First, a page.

Life Of Frederick Douglass Essays

Life Of Frederick Douglass Essays-42
US history is tainted by the most shameful form of enslavement of man by man – Negro slavery, that existed until 1863.Most people of America, negros and white, heroically fought for the abolition of slavery and for equal rights for black-skinned people.Political activity of Douglas was subordinated to the idea of uniting all the anti-slavery forces, creating a mass abolitionist party.

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Douglas was a staunch supporter of peace and friendship among all peoples.

The fatal poison of irresponsible power was already in her hands, and soon commenced its infernal work.

I want to be able to talk to them in 10 years about Frederick Douglass, and if they aren’t into Frederick Douglass I would wish that they have a passion about something, as I think many of them will.

Most important, my foremost desire is for them to have the tools to express their passion, whatever that passion may be.

"It is hard to have a southern overseer," Douglass’s contemporary, Henry David Thoreau, wrote in "it is worse to have a northern one; but worst of all when you are the slave-driver of yourself." Although Thoreau refers to physical labor that fails the test of self-enlightenment, his larger point applies to my students who, too, seem explicitly bent upon achieving their own contemporary version of metaphysical enslavement. Complicating my bewilderment is that I have no transgenerational ax to grind, knowing as I do that the cry of English professors over their students' supposed failings is pretty standard fare for well over a century at least, and anyway, the topic simply isn’t that interesting before the third beer.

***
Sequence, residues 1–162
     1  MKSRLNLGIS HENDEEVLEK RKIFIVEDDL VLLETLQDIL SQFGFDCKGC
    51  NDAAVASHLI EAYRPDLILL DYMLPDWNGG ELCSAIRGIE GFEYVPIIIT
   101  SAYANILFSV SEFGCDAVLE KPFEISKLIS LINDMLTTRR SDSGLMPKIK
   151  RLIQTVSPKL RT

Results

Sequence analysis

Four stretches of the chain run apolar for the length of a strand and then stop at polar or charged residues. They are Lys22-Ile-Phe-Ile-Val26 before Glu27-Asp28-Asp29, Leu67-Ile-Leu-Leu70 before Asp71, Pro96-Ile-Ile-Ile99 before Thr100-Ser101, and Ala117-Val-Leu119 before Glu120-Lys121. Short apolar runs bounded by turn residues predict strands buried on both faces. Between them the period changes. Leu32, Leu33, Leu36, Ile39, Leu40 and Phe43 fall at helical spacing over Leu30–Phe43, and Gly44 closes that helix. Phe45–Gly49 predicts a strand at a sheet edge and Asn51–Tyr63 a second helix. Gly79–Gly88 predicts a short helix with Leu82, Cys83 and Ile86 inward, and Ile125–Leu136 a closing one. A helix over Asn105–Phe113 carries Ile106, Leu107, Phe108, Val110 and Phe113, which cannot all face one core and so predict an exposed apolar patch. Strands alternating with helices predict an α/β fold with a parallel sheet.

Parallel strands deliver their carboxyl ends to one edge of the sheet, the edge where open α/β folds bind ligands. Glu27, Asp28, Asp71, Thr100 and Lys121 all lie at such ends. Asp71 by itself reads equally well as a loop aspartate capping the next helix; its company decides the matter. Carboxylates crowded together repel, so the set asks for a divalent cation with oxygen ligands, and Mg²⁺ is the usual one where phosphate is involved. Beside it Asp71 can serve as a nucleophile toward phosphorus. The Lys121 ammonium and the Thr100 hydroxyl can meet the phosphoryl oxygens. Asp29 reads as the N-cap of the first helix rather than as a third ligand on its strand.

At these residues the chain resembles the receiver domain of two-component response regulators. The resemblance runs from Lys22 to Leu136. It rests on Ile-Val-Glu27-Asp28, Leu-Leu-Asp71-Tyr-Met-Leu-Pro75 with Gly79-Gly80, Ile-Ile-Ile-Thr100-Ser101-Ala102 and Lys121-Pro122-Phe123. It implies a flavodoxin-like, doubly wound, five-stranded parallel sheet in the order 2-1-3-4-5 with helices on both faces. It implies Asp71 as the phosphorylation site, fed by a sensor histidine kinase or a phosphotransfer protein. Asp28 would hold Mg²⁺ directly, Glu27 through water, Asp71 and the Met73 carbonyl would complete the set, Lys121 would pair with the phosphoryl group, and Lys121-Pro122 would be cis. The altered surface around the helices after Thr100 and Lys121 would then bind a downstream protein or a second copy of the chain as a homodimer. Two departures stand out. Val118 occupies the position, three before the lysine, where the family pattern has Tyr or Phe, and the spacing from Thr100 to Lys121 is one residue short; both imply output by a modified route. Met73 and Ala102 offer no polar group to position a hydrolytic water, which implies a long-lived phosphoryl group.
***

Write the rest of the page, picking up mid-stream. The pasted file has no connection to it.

Both Douglass and Thoreau would recognize and lament this mentality, and walk away confused by the disheartening juxtaposition of material affluence and imaginative poverty. It bears asking, though, what such students might be enslaved to, or by. So here's what I want, in part: I want my students to become interesting people — that is, more interesting than they already are.He played a leading role in the organization of the Negro National League of struggle for equality (“Frederick Douglass Biography”, n.d.).Frederick Douglas has developed a program of political and civil rights for the black population of the country, especially the right to elect and be elected along with white Americans, and consistently fought for its implementation after the abolition of slavery.They have told me that they learned about "context clues" from previous teachers. As a child Douglass overhears his master, Hugh Auld, tell the naively benevolent Sophia to stop teaching him to read: "A nigger should know nothing but to obey his master — to do as he is told to do," Auld tells her. Without sounding overly prejudicial, it is difficult to conceive of much that would fundamentally threaten their defensive sense of self-assurance, which is often no such thing."Learning would the best nigger in the world" and "would forever unfit him to be a slave." This is the moment of enlightenment for Douglass as he discovers through serendipity and keen discernment what he had always pondered: "to wit, the white man's power to enslave the black man." He resolves to learn to read, reasoning that compulsory ignorance is the tool that keeps him and his fellow slaves in bondage. What I want to say here is that I am not always sure what I would like to free my students I’m concerned with.The book became famous, but freedom of the author was subjected to danger – according to the law, he had to go back to his host, to the South.Douglas chose to go to Europe, he lectured in the UK and Ireland during 1845-1847 years (“Frederick Douglass Biography”, n.d.).That cheerful eye, under the influence of slavery, soon became red with rage; that voice, made all of sweet accord, changed to one of harsh and horrid discord; and that angelic face gave place to that of a demon." Embarrassed smiles all around.In the past I would have given my standard lecture about looking up words instead of relying on something my students call "context clues," which I take to mean anything that prevents them from stopping, briefly, to do it the old-fashioned way. Douglass intimates that the worst part about slavery isn't the work or the whippings or the cold or the hunger or even the literal shackles. No, it's the compulsory ignorance, the full force of a system that understands slavery can only exist by the deprivation of learning, the absence, as it were, of light. " I wasn't referring to Douglass, and I think some of them knew it.One of these tools is vocabulary; the more important other is curiosity.You have an English professor, a text, and a class.

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